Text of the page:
The anticipation is finally over. A little over six months after it launched into outer space, the James Webb Space Telescope delivered its first color images, and the results are better than we hoped. After President Biden revealed the landmark first image, known as Webb’s First Deep Field, on July 11, an additional three images were released the following day.
In the photograph released yesterday, we see a crystal clear view of galaxy cluster SMACS 0723. The photograph shows what NASA describes as “a patch of sky approximately the size of a grain of sand held at arm’s length by someone on the ground.” In this tiny portion of the sky we see thousands of galaxies in rich detail that was previously impossible. The image is a composite made from images at different wavelengths, totaling 12.5 hours and reaches far beyond Hubble Telescope's deepest fields. We have this deep field view thanks to Webb's Near-Infrared Camera (NIRCam).
NIRCam's potential was fully displayed during this initial photo release, as all the images take advantage of its technology. One of the most spectacular images is NIRCam's look at the Cosmic Cliff in the Carina Nebula. This area, located 7,600 light-years away, is a hotbed of activity where stars are born. Thanks to Webb's technology, we can now see areas of star birth that were previously obscured.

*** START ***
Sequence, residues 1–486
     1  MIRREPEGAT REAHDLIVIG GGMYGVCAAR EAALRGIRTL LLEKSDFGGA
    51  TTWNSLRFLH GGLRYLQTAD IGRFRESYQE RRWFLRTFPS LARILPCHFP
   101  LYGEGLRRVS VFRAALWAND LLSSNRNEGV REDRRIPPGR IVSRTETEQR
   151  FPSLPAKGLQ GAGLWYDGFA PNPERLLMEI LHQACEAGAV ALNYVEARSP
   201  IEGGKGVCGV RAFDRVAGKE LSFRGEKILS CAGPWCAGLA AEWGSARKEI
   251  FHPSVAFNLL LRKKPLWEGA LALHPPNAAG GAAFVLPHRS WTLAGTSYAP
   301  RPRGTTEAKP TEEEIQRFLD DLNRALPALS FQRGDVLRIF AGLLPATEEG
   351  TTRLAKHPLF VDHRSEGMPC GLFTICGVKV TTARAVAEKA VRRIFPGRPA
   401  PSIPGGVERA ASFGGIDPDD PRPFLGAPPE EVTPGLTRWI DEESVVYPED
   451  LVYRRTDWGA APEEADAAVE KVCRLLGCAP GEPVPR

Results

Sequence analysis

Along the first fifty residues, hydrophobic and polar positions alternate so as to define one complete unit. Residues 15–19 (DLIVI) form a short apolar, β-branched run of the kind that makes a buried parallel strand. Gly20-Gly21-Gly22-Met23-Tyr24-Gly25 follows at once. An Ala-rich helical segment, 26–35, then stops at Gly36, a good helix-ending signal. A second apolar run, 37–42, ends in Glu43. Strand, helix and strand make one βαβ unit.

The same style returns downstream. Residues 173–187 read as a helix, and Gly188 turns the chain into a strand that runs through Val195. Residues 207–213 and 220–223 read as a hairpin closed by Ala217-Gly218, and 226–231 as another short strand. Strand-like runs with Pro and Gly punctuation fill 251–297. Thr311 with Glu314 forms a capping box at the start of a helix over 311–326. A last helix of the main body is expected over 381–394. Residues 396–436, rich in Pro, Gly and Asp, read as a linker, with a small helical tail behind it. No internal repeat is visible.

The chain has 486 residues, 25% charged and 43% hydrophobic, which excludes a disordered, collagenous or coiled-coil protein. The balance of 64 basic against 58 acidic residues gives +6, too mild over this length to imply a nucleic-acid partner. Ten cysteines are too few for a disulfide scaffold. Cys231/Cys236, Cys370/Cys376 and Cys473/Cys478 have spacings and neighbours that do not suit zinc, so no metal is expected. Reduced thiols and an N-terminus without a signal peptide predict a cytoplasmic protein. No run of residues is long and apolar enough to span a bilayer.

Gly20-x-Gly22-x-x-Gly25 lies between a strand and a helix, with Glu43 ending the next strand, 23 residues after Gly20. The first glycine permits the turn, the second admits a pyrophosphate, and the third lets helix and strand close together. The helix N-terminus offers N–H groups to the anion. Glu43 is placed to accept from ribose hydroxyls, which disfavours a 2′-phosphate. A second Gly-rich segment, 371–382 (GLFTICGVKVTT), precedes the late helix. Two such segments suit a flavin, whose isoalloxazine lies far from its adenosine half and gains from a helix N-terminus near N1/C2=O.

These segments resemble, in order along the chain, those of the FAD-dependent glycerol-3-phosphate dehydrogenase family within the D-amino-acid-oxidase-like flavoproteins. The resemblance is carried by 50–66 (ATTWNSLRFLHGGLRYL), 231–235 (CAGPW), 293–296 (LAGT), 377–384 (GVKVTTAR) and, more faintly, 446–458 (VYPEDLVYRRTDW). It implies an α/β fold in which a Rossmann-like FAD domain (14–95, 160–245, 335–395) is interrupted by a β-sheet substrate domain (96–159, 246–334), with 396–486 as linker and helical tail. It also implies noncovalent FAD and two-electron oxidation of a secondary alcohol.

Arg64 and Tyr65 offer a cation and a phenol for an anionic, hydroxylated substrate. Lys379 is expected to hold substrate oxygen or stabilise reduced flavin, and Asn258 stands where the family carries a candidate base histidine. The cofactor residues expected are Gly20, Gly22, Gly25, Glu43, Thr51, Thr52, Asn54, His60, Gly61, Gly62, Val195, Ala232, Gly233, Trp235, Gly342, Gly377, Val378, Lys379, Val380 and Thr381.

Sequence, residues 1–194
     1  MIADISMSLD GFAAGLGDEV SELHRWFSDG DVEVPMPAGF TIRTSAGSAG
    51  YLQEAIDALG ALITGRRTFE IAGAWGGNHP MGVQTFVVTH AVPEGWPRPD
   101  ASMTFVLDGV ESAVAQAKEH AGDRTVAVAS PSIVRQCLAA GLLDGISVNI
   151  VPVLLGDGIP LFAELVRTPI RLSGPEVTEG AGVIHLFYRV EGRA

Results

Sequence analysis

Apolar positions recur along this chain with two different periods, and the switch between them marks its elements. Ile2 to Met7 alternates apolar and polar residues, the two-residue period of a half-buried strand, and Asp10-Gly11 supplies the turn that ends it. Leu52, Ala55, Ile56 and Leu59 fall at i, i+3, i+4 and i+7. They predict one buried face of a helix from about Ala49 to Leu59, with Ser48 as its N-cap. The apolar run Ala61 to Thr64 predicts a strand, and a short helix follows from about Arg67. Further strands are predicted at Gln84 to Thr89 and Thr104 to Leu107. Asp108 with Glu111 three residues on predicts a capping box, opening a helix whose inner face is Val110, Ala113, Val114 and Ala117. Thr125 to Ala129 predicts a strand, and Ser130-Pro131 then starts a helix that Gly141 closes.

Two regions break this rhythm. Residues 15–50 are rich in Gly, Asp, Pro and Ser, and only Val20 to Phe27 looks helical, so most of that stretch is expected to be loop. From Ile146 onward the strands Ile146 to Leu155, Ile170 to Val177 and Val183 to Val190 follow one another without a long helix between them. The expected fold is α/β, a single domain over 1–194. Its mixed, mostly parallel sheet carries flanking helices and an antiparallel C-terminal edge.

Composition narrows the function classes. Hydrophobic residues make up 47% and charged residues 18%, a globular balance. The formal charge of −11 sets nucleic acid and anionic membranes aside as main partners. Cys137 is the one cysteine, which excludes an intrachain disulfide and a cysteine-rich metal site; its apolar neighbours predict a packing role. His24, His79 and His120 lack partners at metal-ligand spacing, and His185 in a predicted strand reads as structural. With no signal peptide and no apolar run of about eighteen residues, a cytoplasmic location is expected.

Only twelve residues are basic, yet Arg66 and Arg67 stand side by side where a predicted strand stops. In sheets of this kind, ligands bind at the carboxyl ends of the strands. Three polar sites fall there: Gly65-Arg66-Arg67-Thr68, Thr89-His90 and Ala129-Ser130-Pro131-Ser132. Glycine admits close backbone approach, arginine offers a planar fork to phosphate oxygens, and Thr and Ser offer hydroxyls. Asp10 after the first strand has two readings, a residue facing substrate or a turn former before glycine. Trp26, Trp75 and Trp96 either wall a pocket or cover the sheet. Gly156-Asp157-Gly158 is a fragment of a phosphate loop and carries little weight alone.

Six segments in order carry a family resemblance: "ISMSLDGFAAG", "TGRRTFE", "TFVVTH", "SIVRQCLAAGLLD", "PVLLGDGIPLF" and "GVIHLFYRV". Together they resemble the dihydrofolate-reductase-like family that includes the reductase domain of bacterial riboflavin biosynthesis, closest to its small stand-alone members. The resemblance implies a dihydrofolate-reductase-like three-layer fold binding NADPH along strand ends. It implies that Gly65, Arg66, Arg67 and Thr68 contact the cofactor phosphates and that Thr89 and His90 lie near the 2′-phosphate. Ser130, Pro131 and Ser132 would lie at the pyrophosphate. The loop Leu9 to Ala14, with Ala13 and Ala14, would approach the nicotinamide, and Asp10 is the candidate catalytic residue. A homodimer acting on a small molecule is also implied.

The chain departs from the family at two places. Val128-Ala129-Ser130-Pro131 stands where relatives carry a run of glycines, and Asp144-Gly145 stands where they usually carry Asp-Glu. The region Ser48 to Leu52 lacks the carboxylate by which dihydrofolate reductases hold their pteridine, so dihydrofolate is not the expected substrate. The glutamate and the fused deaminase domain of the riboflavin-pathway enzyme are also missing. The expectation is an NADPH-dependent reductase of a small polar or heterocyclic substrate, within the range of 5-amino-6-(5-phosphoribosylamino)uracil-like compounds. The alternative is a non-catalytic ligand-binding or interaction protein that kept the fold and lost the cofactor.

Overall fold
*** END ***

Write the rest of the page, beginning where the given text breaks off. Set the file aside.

Two additional images in Webb's first set of color photos also take advantage of its Mid-Infrared Instrument (MIRI). This includes an image of Stephan's Quintet, the largest image to date from the telescope. In fact, this stunning visual of five galaxies is so large that it covers one-fifth of the Moon's diameter. It contains over 150 million pixels and is constructed from almost 1,000 separate image files taken with NIRCam and MIRI.
The last image, or rather images, released by NASA is a side-by-side comparison of the Southern Ring Nebula. In one photo, we see the nebula in near-infrared light; in the other, we see it in mid-infrared light. The images look different because each instrument collects different wavelengths of light. In fact, in the MIRI image, we can clearly see two dwarf stars, while in the NIRCam's photo, the diffraction of the brighter star completely obscures the dimmer one. Looking at the comparison is a wonderful way to see how much can be revealed by photographing the same area of the sky using different cameras.
The entire photo release is a triumph for the team of scientists and researchers who have spent years on the technology that Webb uses and the mission itself. While months of successful tests were already indicators that Webb would deliver beyond expectations, these first images confirm that the telescope will show us more about the universe than was ever possible.